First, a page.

FIA President Jean Todt believes F1 needs to be less controversial following some major disputes in the sport between teams.
This year has seen flexi-wings, Pirelli's tyres and track limits become a widely talked about topic whilst Ferrari reached a private settlement with the FIA over their power units last year and Racing Point (now Aston Martin) were fined and docked 15 points for running brake ducts that did not comply with F1's technical design rules.
“More competition means more controversy,” Todt told RacingNews365.com and other select members of the press. “And that’s our world. Probably I would prefer less controversy in our sport. But that isn’t the nature of our sport.
“Honestly I’ve been trying to have less controversy and to do as much as possible to make people [come] together. Which incidentally, it’s something I mentioned already last year, probably Covid-19 was among the positive things. It’s been able to make all of us work together in one direction.
“There is so much tension, so much competition, but again, it’s the nature of the sport. So you have a controversy about the flexibility of the wing, about tyre pressure about anything, I could go on.
"What I really want [is] that we have a good governance and in all that we do we have ethics, good compliance in our sport.”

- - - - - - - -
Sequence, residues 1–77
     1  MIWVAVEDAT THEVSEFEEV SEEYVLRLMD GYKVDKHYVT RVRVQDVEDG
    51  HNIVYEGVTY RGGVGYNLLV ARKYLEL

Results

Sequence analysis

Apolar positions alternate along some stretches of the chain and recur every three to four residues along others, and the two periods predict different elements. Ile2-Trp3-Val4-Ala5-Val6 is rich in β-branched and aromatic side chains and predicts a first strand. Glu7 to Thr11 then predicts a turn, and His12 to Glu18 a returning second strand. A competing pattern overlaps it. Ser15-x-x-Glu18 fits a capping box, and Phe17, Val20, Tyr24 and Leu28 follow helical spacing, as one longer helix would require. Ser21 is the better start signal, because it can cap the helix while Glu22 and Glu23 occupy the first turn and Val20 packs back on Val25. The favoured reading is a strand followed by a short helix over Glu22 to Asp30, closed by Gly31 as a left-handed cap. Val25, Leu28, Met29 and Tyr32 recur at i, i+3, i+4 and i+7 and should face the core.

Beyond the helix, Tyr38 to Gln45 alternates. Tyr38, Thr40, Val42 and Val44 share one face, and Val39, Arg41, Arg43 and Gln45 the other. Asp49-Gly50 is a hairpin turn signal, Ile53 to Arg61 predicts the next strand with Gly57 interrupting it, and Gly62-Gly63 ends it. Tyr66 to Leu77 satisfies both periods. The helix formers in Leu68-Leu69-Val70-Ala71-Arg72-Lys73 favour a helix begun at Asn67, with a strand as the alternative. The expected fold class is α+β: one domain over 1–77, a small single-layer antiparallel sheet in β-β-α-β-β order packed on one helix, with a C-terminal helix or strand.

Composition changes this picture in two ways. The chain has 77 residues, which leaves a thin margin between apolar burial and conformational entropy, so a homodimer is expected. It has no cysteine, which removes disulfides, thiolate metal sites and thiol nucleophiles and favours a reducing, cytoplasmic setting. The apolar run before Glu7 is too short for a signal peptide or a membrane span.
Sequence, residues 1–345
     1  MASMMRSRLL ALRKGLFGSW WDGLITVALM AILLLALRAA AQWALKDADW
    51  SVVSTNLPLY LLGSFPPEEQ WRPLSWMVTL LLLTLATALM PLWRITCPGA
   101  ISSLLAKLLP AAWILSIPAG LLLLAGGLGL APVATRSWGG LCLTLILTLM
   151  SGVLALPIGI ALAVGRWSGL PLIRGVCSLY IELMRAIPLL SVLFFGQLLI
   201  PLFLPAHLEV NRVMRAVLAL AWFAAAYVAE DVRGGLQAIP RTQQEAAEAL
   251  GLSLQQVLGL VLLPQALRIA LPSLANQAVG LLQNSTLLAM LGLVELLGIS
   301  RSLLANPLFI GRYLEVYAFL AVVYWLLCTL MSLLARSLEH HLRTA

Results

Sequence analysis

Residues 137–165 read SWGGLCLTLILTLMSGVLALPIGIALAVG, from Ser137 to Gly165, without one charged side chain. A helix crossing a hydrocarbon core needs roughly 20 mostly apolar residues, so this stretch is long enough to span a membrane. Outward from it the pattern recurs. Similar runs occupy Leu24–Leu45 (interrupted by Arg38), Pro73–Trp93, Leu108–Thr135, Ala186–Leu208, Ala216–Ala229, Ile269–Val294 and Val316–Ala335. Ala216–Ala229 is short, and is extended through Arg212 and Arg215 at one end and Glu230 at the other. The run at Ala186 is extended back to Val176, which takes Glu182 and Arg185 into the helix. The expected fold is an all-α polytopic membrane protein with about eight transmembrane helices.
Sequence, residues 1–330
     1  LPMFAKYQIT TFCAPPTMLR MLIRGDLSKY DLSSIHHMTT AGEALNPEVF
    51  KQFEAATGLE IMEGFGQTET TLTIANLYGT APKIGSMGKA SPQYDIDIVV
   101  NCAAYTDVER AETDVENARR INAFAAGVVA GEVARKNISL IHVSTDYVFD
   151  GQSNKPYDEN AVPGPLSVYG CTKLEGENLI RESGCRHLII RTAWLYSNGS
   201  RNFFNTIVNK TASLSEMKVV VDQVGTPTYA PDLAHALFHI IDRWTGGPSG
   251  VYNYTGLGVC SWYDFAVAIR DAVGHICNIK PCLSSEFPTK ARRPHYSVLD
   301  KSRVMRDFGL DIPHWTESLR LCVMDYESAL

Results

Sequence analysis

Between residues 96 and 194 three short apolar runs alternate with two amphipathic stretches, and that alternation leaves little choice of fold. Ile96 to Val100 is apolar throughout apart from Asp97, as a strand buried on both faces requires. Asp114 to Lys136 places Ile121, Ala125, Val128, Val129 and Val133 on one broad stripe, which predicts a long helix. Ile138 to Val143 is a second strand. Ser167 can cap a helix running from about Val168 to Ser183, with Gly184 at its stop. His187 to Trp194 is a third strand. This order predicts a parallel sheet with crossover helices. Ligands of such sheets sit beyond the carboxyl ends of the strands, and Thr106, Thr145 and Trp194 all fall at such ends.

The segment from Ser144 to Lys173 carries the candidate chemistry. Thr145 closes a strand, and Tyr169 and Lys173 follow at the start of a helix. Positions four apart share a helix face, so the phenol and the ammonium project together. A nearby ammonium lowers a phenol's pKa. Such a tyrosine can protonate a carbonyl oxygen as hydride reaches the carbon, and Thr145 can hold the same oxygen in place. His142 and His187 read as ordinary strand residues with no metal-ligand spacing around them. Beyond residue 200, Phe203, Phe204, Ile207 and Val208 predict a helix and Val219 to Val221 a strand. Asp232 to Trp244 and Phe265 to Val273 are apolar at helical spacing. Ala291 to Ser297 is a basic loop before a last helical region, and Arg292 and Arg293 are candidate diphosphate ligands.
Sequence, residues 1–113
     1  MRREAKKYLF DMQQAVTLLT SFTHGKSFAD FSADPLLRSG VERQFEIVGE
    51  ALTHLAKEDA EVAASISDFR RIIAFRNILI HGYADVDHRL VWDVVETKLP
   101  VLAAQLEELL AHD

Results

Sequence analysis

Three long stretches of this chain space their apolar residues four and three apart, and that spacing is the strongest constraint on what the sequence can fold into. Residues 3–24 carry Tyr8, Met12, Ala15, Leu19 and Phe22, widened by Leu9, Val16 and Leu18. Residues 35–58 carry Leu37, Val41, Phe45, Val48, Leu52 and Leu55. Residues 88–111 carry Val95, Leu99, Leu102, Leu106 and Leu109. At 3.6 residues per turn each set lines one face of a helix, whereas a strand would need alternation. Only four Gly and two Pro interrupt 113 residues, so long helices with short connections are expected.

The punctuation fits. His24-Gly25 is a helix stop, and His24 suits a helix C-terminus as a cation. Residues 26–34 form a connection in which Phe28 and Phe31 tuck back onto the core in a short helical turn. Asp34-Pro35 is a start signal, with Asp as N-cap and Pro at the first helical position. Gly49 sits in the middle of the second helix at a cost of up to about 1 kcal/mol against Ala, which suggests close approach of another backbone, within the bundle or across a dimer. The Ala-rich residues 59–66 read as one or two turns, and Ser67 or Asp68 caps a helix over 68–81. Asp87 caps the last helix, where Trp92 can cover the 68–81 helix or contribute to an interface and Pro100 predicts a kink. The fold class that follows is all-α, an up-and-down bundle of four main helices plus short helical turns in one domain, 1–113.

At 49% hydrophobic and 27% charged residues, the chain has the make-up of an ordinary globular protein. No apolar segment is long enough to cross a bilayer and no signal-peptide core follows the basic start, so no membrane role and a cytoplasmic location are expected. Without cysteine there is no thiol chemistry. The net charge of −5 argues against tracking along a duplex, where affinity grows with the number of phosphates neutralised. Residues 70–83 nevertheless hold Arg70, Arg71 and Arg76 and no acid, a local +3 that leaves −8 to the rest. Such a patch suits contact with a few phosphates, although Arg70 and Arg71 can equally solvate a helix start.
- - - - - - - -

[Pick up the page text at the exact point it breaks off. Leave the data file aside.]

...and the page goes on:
The complex nature of motorsport has made F1 challenging to police according to Todt although he feels F1's technical sporting committee is doing what it can to govern the sport.
“[It’s] difficult because interpretation of the regulations, where is the border between ‘you can’, ‘you can’t’ – it’s not my job to do it but my job is to make sure we have the best people," explained Todt. Clearly, we have reinforced drastically the team, as you know.
“Incidentally we have something which is very important, We have what we call the technical sporting committee, because I hate to be in a position to have one guy deciding ‘you can’, ‘you can’t’ – it would be bad for us, bad for him, bad for everybody.
"So we have a steering committee, which we have also reinforced to help the governing as much as we can.
“So that’s what we need to do and more competition, more possibility of interpreting so we have to be very, very, very strict on achieving that.”
Todt also confirmed that he was worried about Max Verstappen's and Lance Stroll's Baku crashes which prompted the introduction of a new tyre technical directive which regulates how the teams operate their tyres.
“I’ve been very, of course, very concerned with that," said Tost. Immediately when it happened, I was not in Baku, but I called our people I called Mario Isola, I spoke with him, with them, several times.”
“The first thought was it was due to debris, which was not the case. It seemed that it had been around the use of the tyres. So we have produced what we call a TD to make sure that the teams are all using the tyres the same way.”